GE Baker Hughes acquisition: Fullstream future?

Selected Major Oil Gas MA Activity 1990 2016Selected Major Oil & Gas M&A Activity (Jan 1990-Sept 2016) *This graph is not exhaustive, but it is illustrative of the extent of M&A activity in 1990-2016. (Image source: Douglas Westwood)Douglas Westwood look at the merger and acquisition activity cycles in the oil and gas industry, specifically analysing the latest GE and Baker Hughes acquisition 


As per their article, which can be found here, Douglas Westwood have shown that there have been a number of trends that occur in the oil and gas sector, particularly at times of fiscal difficulty. 

However, General Electric and Baker Hughes' merger has instead shown a different tact in trying to fight against the low oil price and the tightening of investors' belts. 

What GE and Baker Hughes propose to do as a result of the merger is create what is known as a fullstream offering. This is the encompassing of the entire lifecycle from exploration to power generation via downstream. 

Douglas Westwood suggest that GE may be onto a winning diversification opportunity, as operators are struggling with increased production cost. This is because of the standardisation across the fullstream that a company of that size would bring. Similar could be said of the Technip merger with FMC and Schlumberger's acquisition of Cameron.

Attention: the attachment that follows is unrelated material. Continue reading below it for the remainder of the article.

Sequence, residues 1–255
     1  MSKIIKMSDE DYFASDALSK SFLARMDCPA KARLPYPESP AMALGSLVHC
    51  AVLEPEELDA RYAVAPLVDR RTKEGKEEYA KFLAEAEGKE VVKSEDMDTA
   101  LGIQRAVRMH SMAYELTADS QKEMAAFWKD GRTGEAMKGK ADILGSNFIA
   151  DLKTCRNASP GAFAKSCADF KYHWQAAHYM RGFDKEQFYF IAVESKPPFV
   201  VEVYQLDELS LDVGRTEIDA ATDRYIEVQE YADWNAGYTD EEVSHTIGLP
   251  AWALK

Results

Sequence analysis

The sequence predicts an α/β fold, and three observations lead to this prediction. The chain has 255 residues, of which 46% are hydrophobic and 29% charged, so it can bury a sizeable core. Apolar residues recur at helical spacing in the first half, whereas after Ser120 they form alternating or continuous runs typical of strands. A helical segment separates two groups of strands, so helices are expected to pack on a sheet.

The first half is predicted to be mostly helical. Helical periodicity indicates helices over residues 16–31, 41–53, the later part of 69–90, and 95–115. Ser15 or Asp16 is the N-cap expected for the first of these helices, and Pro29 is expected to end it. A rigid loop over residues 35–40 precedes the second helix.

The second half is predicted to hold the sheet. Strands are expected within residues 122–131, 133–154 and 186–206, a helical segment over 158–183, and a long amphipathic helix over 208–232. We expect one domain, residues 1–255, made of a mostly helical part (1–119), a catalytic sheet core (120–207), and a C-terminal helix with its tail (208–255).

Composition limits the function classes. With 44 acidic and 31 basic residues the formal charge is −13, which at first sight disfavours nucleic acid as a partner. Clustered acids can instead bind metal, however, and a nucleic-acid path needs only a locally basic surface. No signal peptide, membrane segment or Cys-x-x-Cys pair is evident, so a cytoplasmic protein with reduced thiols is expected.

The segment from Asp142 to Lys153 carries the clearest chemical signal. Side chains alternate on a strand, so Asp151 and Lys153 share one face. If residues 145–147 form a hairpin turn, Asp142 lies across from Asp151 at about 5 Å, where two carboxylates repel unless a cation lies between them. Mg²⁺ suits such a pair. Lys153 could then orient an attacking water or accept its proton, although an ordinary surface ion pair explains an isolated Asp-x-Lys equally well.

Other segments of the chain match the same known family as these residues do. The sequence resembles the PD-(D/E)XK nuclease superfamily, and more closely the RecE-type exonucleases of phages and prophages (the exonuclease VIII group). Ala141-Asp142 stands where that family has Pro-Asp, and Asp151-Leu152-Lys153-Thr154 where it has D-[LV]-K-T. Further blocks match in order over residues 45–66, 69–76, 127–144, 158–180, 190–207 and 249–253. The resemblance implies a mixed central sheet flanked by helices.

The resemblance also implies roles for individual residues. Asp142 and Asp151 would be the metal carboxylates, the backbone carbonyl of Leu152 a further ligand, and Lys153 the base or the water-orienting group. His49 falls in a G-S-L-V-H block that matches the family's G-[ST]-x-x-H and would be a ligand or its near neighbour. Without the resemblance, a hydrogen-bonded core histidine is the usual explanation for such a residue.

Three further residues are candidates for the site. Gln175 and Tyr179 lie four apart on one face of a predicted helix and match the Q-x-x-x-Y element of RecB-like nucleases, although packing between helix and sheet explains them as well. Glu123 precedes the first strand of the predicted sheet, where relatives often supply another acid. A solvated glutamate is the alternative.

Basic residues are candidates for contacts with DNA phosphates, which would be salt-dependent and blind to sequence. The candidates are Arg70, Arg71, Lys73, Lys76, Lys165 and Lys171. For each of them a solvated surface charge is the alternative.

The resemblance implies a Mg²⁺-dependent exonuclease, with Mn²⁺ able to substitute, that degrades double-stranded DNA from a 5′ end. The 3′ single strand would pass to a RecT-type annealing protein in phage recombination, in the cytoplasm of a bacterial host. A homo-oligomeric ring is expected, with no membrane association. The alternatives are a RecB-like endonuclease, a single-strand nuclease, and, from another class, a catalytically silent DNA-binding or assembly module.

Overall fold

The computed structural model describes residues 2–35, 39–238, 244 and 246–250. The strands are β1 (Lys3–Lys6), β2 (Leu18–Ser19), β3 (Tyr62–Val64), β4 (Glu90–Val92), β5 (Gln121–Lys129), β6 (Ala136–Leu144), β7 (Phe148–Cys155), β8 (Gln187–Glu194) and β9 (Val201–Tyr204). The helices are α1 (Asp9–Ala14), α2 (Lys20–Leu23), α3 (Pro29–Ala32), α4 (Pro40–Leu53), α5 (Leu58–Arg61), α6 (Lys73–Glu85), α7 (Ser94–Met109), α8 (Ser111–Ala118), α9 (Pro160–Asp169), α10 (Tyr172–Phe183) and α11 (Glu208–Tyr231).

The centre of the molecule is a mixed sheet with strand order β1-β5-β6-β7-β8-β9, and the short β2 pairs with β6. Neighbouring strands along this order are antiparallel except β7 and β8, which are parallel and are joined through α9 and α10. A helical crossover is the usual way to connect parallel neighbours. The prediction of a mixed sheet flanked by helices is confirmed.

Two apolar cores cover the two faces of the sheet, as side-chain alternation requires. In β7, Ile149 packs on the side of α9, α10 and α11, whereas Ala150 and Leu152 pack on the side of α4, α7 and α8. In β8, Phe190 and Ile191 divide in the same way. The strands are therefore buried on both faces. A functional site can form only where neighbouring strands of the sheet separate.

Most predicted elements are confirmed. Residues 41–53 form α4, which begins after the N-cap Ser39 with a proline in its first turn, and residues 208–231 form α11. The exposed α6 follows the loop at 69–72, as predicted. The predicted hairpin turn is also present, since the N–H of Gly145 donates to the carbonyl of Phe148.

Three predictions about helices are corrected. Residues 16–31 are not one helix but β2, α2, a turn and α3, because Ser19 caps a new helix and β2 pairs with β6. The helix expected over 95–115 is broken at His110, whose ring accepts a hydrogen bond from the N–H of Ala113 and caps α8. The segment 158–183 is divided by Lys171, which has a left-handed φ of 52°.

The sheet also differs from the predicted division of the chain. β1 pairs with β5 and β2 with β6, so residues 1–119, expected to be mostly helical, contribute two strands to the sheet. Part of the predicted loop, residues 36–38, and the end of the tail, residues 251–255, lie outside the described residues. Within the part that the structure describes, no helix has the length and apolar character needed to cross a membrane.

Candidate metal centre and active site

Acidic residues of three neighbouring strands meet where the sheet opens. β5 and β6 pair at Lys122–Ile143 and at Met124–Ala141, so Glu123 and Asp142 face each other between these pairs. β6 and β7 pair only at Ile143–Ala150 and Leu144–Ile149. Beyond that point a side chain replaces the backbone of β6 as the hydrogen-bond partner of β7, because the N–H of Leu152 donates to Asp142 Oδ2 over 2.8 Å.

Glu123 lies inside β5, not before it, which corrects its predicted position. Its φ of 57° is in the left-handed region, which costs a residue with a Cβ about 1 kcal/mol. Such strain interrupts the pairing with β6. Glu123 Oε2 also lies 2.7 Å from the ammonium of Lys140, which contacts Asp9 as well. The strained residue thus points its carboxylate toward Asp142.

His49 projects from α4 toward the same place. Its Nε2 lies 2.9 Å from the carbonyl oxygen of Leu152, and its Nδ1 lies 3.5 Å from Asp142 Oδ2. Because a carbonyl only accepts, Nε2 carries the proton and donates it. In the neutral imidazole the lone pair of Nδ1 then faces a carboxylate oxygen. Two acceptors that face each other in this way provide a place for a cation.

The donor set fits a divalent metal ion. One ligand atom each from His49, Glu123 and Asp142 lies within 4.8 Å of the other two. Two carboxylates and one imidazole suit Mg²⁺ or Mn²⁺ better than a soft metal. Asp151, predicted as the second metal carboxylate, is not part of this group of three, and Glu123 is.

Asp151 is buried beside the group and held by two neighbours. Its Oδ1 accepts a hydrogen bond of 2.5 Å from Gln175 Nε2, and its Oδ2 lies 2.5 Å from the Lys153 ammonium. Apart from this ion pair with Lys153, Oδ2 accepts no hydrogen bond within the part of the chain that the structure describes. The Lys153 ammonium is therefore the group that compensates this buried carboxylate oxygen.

However, what is still an unknown quantity is what the market for fullstream opportunities currently are. However, with the investment in the oil and gas sectors not set to rise much above 70 per cent of the 2014 investment level in the next five years, it may be crucial for producers to remain competitive and profitable in an ever challenging market. 

The full DW Monday November 11 2016 can be found here

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